Miami Spices Things Up: How the Magic City Became America’s Hottest Culinary Destination
Miami Spices Things Up: How the Magic City Became America's Hottest Culinary Destination - The Art of Cuban Sandwiches
The Cuban sandwich may seem simple - just ham, pork, Swiss cheese, pickles and mustard pressed between slices of Cuban bread. But this satisfying sandwich is so much more than the sum of its parts. It's an edible embodiment of Miami's cultural fusion and a must-try for any visitor.
The Cuban sandwich has its roots in cigar factories of Cuba's capital Havana, where workers needed hearty portable meals. When many Cubans migrated to Florida after the 1959 revolution, they brought their sandwich tradition along. Outside their homeland, the classic Cubano took on new life with the addition of salami and different breads.
Today, Cuban bakeries all over Miami produce the fluffy, slightly sweet Cuban bread that gives the sandwich its distinctive crust. And every restaurant puts its own spin on the filling - adding roasted pork, turkey, or garlicky mojo sauce. Locals are quick to weigh in on where to find the best Cubano in town.
Versailles Restaurant in Little Havana claims to be the spot where the modern Cuban sandwich was invented when they first added salami in the 1970s. Their house-baked bread and thin-sliced meats draw devotees from all over Miami. Meanwhile, Enriqueta's Sandwich Shop packs their sandwiches with double the usual ham for a truly meaty experience.
At Sanguich de Miami, they toast the bread on a panini press while keeping the fillings deliciously chilled. You can even get a vegetarian spin with avocado and smoked gouda instead of meats. Or for a modern fusion take, try the Cubano Torres at Dizengoff restaurant, which combines pastrami, sauerkraut and Chinese mustard.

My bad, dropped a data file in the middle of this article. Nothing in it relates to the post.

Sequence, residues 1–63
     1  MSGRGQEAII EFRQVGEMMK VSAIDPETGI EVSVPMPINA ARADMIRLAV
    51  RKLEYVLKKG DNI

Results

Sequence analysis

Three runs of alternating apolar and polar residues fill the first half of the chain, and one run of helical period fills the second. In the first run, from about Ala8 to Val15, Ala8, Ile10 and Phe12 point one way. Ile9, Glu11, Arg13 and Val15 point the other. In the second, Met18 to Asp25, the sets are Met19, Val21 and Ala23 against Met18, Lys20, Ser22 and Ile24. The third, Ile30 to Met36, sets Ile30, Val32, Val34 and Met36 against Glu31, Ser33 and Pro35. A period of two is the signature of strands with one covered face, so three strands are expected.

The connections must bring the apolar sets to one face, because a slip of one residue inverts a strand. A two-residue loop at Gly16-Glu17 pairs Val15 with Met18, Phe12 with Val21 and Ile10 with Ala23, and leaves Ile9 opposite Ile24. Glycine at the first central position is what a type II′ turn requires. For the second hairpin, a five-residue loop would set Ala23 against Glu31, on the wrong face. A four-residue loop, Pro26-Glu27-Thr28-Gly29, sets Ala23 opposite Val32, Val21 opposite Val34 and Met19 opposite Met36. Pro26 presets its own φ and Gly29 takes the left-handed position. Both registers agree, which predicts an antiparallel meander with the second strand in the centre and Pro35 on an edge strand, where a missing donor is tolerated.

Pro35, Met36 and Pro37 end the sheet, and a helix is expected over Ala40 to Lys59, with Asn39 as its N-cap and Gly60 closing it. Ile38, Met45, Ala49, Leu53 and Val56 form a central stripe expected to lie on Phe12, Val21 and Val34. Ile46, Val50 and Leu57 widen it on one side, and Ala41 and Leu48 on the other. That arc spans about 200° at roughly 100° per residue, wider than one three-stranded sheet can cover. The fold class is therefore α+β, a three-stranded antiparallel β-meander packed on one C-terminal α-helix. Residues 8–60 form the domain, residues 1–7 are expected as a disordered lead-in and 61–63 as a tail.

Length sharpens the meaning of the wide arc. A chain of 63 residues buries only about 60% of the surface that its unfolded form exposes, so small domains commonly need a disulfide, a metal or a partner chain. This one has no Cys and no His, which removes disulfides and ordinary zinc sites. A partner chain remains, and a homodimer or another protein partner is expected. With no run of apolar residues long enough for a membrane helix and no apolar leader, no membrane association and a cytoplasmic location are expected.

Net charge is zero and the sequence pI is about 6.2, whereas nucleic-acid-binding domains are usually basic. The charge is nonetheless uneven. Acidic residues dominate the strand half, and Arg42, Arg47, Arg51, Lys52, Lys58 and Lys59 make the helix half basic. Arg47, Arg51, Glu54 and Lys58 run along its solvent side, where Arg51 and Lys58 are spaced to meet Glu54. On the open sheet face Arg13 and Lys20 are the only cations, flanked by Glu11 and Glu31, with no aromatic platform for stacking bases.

No matter which restaurant's version you try, the Cuban sandwich captures a slice of Miami history between two pieces of bread. The melding of sweet plantains, smoky pork and piquant pickles reflects how Cuban culture marinated with other Latin and American influences to create South Florida's unique flavors.
What else is in this post?
- Miami Spices Things Up: How the Magic City Became America's Hottest Culinary Destination - The Art of Cuban Sandwiches
- Miami Spices Things Up: How the Magic City Became America's Hottest Culinary Destination - From Croquetas to Tacos - Latin Flavors Shine
- Miami Spices Things Up: How the Magic City Became America's Hottest Culinary Destination - Miami's Melting Pot of Caribbean Cuisines
- Miami Spices Things Up: How the Magic City Became America's Hottest Culinary Destination - Nuevo Latino - Reinventing Traditional Dishes
- Miami Spices Things Up: How the Magic City Became America's Hottest Culinary Destination - Molecular Gastronomy Goes Mainstream
- Miami Spices Things Up: How the Magic City Became America's Hottest Culinary Destination - The Rise of Food Halls and Artisanal Markets
- Miami Spices Things Up: How the Magic City Became America's Hottest Culinary Destination - Craft Beer Flows in the Sunshine State
- Miami Spices Things Up: How the Magic City Became America's Hottest Culinary Destination - Sweet Treats with a Tropical Twist
Miami Spices Things Up: How the Magic City Became America's Hottest Culinary Destination - From Croquetas to Tacos - Latin Flavors Shine